A September 26 public hearing is set concerning the potential income tax hike for those who live and work in Dearborn County.
Dearborn County Council. File photo.
(Dearborn County, Ind.) - Dearborn County Council appears poised to vote later this month on an increase in the county income tax rate.
“We need to look at raising some sort of revenue to meet our obligations,” says council president Liz Morris.
The Republican-controlled county fiscal board will hold a public hearing for a proposed increase in the local income tax on Wednesday, September 26 starting at 6:30 p.m. The meeting will be held in the Henry Dearborn Room at the Dearborn County Government Center in Lawrenceburg.
Dearborn County’s current local income tax rate is 0.6 percent withheld from each paycheck, a rate that is tied with Sullivan County for the second-lowest among Indiana’s 92 counties.
The proposed increase would double that rate to 1.2 percent.
That means the local income tax on somebody making the county’s median household income of $60,834 would go from paying $365 per year in local income tax up to $730 annually. On somebody making the county’s per capita income of $28,471, the tax would increase from about $170 up to about $342.
An income tax hike would not only affect Dearborn County residents. According to the Indiana Department of Revenue, people whose principal places of work are in Indiana are subject to withholding of the income tax from their paychecks, whether they live in the state or not.
The existing 0.6 percent portion would continue to be allocated to certified shares, which are basically general expenses. Under the proposed increase, revenue generated by the new 0.4 percent would go toward public safety and a new 0.2 percent would fund correctional or rehabilitation facilities.
The possible income tax increase comes as Dearborn County Council has cut $2 million from the county budget to meet revenue expectations for 2019. The approved county budget for next year totals just over $19 million, which includes underfunding county employees’ health insurance and no pay raises.
“We’ve been told this for several years that we need to look at raising some sort of revenue to meet our obligations,” says Morris. “We’ve tried very hard to meet our budget.”
The council president offers an example of a potential service cut which could impact county residents unless the county’s revenue outlook improves. Prior to riverboat gaming revenue being introduced 20 years ago, the county could only afford to snow plow main thoroughfares while leaving many side roads snow-covered during the winter.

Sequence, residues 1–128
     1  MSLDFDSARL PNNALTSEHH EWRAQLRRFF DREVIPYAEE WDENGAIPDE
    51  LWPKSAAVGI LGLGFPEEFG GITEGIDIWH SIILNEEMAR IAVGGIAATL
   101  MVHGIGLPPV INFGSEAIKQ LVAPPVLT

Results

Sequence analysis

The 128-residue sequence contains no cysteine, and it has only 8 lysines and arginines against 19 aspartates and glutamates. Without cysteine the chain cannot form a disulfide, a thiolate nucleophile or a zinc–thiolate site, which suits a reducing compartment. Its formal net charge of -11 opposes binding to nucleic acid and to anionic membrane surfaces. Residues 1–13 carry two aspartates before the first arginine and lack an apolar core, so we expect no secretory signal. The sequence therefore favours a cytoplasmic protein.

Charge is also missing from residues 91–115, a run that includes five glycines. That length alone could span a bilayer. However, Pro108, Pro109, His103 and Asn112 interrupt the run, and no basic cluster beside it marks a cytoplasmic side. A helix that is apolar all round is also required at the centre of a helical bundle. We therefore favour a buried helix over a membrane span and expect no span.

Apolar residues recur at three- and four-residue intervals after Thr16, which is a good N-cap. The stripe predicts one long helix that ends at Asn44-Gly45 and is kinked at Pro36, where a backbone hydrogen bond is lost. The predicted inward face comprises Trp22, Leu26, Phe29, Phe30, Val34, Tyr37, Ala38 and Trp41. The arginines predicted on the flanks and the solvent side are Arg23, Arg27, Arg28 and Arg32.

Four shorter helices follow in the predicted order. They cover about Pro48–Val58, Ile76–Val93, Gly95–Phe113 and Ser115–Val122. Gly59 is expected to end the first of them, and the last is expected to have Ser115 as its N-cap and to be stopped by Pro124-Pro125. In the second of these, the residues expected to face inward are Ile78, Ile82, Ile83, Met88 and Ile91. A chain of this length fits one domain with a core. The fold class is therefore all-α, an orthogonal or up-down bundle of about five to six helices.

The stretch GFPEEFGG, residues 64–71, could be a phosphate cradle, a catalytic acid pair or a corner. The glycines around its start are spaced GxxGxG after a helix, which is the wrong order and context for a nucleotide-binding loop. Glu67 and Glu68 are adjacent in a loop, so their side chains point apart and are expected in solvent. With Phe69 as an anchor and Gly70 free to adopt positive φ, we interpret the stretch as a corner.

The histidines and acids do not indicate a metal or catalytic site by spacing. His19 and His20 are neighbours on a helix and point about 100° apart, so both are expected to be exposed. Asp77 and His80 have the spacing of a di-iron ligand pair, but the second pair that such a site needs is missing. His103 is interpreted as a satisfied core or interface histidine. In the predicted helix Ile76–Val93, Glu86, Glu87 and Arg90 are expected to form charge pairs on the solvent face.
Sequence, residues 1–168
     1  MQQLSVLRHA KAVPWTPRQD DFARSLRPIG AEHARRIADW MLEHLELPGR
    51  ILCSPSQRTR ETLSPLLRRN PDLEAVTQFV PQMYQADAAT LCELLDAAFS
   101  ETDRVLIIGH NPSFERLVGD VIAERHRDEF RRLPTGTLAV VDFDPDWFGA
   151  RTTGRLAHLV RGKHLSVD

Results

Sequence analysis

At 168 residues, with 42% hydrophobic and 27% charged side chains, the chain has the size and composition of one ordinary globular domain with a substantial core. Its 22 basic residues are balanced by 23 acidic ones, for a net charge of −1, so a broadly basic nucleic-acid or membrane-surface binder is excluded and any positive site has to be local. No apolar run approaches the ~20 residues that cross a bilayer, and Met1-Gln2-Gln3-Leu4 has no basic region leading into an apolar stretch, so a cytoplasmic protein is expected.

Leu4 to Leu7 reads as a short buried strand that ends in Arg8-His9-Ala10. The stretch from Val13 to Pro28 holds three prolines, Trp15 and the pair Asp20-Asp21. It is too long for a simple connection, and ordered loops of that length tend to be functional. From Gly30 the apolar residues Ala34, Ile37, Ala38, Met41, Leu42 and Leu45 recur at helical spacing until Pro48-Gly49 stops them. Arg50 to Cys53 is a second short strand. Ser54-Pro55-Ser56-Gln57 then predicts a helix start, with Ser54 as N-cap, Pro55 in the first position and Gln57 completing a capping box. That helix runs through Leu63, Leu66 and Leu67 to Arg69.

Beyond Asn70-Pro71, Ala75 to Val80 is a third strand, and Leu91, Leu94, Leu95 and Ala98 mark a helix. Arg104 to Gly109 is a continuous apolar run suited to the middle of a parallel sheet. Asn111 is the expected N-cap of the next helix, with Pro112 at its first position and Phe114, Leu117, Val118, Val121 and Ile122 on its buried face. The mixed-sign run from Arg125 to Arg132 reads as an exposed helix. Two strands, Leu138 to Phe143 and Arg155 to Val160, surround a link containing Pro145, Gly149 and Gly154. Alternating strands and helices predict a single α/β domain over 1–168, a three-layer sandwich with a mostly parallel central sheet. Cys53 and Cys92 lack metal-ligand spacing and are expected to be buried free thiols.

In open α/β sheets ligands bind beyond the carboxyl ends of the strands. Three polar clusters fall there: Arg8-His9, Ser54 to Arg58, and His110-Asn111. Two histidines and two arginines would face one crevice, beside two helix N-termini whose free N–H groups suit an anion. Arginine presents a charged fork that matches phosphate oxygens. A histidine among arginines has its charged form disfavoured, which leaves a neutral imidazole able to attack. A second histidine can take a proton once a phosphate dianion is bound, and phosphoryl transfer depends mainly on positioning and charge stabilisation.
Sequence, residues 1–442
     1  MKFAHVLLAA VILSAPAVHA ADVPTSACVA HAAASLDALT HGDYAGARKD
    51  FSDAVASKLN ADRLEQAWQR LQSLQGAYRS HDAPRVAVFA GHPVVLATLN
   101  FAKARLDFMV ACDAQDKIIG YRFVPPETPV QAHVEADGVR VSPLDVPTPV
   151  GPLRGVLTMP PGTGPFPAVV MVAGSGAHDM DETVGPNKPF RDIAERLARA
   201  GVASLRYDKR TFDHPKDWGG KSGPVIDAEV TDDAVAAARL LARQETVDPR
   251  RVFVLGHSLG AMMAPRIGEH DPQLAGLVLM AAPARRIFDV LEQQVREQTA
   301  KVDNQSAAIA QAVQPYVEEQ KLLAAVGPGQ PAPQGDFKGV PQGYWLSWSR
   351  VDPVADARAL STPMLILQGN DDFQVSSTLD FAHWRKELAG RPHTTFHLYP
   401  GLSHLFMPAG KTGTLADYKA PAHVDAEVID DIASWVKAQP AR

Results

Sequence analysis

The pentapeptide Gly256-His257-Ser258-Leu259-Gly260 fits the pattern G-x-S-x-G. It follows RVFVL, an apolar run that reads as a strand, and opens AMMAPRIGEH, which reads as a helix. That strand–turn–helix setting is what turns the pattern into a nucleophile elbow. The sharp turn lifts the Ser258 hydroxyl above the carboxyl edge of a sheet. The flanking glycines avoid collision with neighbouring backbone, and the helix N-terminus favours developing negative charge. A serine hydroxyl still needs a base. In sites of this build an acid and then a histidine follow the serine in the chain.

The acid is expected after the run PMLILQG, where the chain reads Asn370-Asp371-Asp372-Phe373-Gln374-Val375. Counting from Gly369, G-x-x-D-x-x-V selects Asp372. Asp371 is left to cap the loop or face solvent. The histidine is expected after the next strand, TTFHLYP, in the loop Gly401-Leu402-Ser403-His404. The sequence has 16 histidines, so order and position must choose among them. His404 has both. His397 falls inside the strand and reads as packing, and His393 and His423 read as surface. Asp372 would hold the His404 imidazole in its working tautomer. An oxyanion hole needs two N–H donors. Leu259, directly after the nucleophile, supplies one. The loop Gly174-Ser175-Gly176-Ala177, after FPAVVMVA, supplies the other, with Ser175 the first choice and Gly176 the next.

“We’ve cut and cut and cut out of the budget, but there are certain things on which you don’t want to see the county go back,” she says.
Raising the county income tax rate for the first time since 1987 would bring Dearborn County in line with tax rates in other southeastern Indiana counties. A comparison by the Indiana Department of Revenue shows 2018 income tax rates of 1.25 percent in Ohio County, 1.38 percent in Ripley County, 1.5 percent in Franklin County, and 1.0 percent in Switzerland County.
Morris says property tax caps made law by state lawmakers and then-Governor Mitch Daniels in 2008 have forced most counties to look elsewhere for revenue, including income tax increases.
Thanks to riverboat revenue and managing expenses over the years, Dearborn County has been able to stave off an income tax increase. The county’s annual riverboat revenues, however, have dwindled from $14.5 million in 2014 to about $10 million in 2017. After 25 percent of that annual figure is shared with several municipalities throughout the county, council uses about $4.7 million from the riverboat fund each year to pay for general expenses.
The county in 2017 looked at eliminating the revenue sharing with the local cities and towns, an idea that was met with much backlash from communities like Greendale and Dillsboro.
County council could hold a vote on the tax increase following the September 26 public hearing. In order for the income tax increase to take effect on January 1, 2019, it must be passed by council before November 1, 2018. The notice states that there is no remonstrance opportunity for citizens to stop the tax increase if it is passed by the council.
Morris says her mind on how to vote won’t be made up until the hearing. She’s keeping an open mind, she says.
“I’m a taxpayer, too, so it is not something we take lightly,” she says.
Although he is opposed to the income tax increase and plans to vote against it, fellow council member Charlie Keyes, also a Republican, believes there may be enough votes on council to pass it.
“I know we need it, but first of all, we spent our money wisely with the courthouse and the jail,” says Keyes, who joined council after spending riverboat revenue for an expansion of the county jail was approved.
In retrospect, Keyes believes the county should have bonded the jail and courthouse projects instead of paying cash from the county’s riverboat fund.
Before he would support a tax increase, Keyes says he would like to look at re-evaluating county employees’ health insurance, possible savings by utilizing bulk purchasing for paper and other supplies, and bringing in a consultant to identify and eliminate areas where money is being wasted.
Many Dearborn Countians are already sweating over the prospect of paying more taxes. A turnaround in the local housing market in the county’s most populated areas is the primary reason cited for as much as a 30 percent increase in property assessments in those neighborhoods. Eagle Country 99.3 published a story on August 30 in which county assessor Gary Hensley explained the markedly higher assessments.